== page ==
Opinion: Learn to separate your business from your self-worth when selling

One question that I hear often in social settings with industry peers is something along the lines of, “Are you glad you did it?” The real question being asked is, “How does the process of selling your brokerage work? Do you just throw a number out there and get a check, or what?”

As my friend Steve Murray, a partner with RTC Consulting and senior advisor to RealTrendswill tell you, there are as many ways to complete a transaction as there are participants in that transaction. Yet, it can best be described as: involved. VERY involved.

Imagine your company being stripped bare, and every nook, corner, and cranny examined with a magnifying glass — multiple ways, multiple times. That’s it in a nutshell.

Pride wastes opportunity

Failing to grasp this concept when the unsolicited offers began arriving undoubtedly lead to the failure of other deals with potential suitors. I took the questions personally, as if my character were being assaulted, yet in truth the inquiries were completely unrelated to that intent. Pride wastes opportunity.

For any entrepreneur who has invested years of blood, sweat, tears into building a business, one of the hardest things to do is emotionally separating the business from one’s personal self-worth. With the final suitor, my heavy preparation in understanding the process negated that personal chip-on-the-shoulder. I now understand that it really was just about business. Knowledge capitalizes on opportunity.

The transactional process all starts with the cultural meeting of the minds that I discussed in the last writing. Once that is clarified, there comes the signing of a very tight Non-Disclosure Agreement (NDA). Simultaneous with the execution of the NDA, the buyer will want to see three calendar years of Profit & Loss statements, the last three year’s balance sheets, and a rolling 12-month P&L. It is only after this verification of earnings that the prospective buyer can determine any sort of offering price.

How they determine an offer price

An offer price is based on many elements but generally there are three main attractors: EBITDA, the company performance trend line (going up or down, and why), and does the company have recurring revenue that is sustainable, and relatively separate from the seller’s own labor inputs.

If these three elements are strong, the price offered to the seller is strong. If these elements are not strong, your price is not strong.

Typically, the offer number is a multiple of EBITDA. Not to sound vague, but that multiple can be anywhere 2X to 5X, depending on the quality of the company and industry market conditions. Poorly managed companies with a mess in their back office, obviously , sell for less. Plain and simple.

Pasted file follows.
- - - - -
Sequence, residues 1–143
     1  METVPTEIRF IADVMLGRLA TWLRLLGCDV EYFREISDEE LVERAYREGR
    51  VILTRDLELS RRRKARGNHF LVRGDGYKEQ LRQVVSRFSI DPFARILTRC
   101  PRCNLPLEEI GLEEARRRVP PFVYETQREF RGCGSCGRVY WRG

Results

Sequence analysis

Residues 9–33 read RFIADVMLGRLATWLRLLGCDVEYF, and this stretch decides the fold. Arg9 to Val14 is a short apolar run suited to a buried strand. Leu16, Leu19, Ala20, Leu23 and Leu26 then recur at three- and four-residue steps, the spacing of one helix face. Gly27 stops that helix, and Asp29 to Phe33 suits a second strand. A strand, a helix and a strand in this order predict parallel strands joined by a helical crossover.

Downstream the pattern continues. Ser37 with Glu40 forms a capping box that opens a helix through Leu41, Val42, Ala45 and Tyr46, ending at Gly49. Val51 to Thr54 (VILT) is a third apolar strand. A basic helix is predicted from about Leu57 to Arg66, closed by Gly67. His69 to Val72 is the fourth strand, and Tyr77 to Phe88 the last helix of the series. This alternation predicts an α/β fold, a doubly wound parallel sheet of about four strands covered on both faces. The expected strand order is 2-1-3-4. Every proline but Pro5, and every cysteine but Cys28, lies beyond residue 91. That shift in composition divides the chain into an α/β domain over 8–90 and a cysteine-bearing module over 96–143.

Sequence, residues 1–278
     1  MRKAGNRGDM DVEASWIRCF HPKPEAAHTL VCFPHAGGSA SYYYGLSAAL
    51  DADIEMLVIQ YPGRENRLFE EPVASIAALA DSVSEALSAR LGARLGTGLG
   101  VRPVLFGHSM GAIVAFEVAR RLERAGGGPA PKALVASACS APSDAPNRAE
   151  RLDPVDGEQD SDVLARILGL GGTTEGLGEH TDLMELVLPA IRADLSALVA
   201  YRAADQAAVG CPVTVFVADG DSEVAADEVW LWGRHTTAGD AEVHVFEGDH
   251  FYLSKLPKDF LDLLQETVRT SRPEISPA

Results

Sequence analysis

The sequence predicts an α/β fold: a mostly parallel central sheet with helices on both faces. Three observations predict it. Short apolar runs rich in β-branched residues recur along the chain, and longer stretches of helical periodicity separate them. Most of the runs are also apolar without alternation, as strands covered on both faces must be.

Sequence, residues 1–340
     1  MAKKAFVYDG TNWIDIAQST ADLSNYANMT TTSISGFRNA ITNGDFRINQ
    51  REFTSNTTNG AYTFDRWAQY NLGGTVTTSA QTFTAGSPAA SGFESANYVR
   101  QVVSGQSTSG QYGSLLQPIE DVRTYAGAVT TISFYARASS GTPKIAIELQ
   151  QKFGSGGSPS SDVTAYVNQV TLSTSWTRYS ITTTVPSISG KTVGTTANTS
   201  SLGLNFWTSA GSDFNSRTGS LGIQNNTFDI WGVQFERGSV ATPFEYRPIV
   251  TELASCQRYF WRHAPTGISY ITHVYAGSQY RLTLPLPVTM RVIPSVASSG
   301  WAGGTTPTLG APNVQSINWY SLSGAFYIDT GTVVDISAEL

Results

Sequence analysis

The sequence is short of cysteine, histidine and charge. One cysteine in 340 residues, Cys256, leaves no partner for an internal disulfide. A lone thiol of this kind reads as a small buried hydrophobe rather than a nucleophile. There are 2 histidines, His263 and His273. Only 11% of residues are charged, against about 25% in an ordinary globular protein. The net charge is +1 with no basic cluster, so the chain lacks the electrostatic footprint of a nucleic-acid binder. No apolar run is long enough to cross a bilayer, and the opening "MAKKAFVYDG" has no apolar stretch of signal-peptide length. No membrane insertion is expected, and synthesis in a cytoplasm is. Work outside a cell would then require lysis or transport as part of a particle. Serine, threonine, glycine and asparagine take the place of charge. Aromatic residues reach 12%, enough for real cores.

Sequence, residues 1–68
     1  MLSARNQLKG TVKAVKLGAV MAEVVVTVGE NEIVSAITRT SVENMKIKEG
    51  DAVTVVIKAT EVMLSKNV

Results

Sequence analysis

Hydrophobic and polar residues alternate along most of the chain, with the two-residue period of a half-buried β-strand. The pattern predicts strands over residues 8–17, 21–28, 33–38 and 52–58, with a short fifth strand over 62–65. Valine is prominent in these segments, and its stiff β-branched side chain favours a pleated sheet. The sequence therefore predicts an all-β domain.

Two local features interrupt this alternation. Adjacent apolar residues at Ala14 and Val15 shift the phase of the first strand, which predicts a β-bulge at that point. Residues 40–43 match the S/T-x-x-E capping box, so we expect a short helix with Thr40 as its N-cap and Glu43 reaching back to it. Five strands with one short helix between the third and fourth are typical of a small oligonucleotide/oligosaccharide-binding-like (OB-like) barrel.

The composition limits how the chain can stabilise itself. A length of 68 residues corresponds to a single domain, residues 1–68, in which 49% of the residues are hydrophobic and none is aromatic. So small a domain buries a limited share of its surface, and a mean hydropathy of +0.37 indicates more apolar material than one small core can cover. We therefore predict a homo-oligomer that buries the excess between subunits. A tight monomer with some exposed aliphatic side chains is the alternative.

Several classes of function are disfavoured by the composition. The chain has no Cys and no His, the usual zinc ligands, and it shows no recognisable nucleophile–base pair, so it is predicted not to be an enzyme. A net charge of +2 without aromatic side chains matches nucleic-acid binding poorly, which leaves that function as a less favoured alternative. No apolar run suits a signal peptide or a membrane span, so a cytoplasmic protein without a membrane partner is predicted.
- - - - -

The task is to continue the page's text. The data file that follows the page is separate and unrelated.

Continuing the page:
Once all that data is verified, then and only then is a Letter of Intent (LOI) issued by the buyer. That’s when the negotiations begin and, just like all things in real estate, everything in the LOI is negotiable. Since the LOI is non-binding, either party may throw their hands up and quit at any time. So, by signing an LOI, you haven’t really agreed to anything except to walk the investigative journey together under a general set of criteria.

While discoveries during due diligence (DD) can alter the terms of the LOI, the buyer will generally want to stick with the original agreement as closely as possible. Give a little here, take a little there, still, the LOI serves as the main roadmap for the transaction.

Its why preparation is the key – no one likes surprises.

One thing to stress is that you must have good counsel. A good attorney and a good CPA who understand and know the process and have experience with it are key. Your attorney cousin who runs the title company down the street may be a great person, but not your best choice for this transaction Likewise, the bookkeeper who has managed your books for many years may be loyal and knowledgable, but this is not their area of ​​specialty. Never scrimp on who you hire to protect your interests.

The purchase agreement comes next. It details what the buyer must do, what the seller must do, what the seller must provide as part of the DD, conditions for closing, and among other things, representatives and warrants for both parties. A list would be exhaustive and every single thing you know about your company; the buyer will want to know. EVERYTHING. For example, the final version of my purchase agreement ran 70+ pages, with the disclosure schedules another 75-100 pages, all based on a DD process that took about six months.

Space is simply not adequate to allow a full description of the many twists and turns of this process to be compressed into a single article. So, all I can say is no, you don’t just throw a number out and get a check. Not even close. Buy me a beverage at the next industry event and I might share more.

Phillip Cantrell is the CEO and Founder of Nashville-based Benchmark Realty. United Real Estate – a division of United Real Estate Group – announced its merger with Benchmark Realty, LLC in 2020.

This column does not necessarily reflect the opinion of RealTrends’ editorial department and its owners.

To contact the author of this story:
Phillip Cantrell at phillip@benchmarkrealtytn.com

To contact the editor responsible for this story:
Tracey Velt at tracey@hwmedia.com

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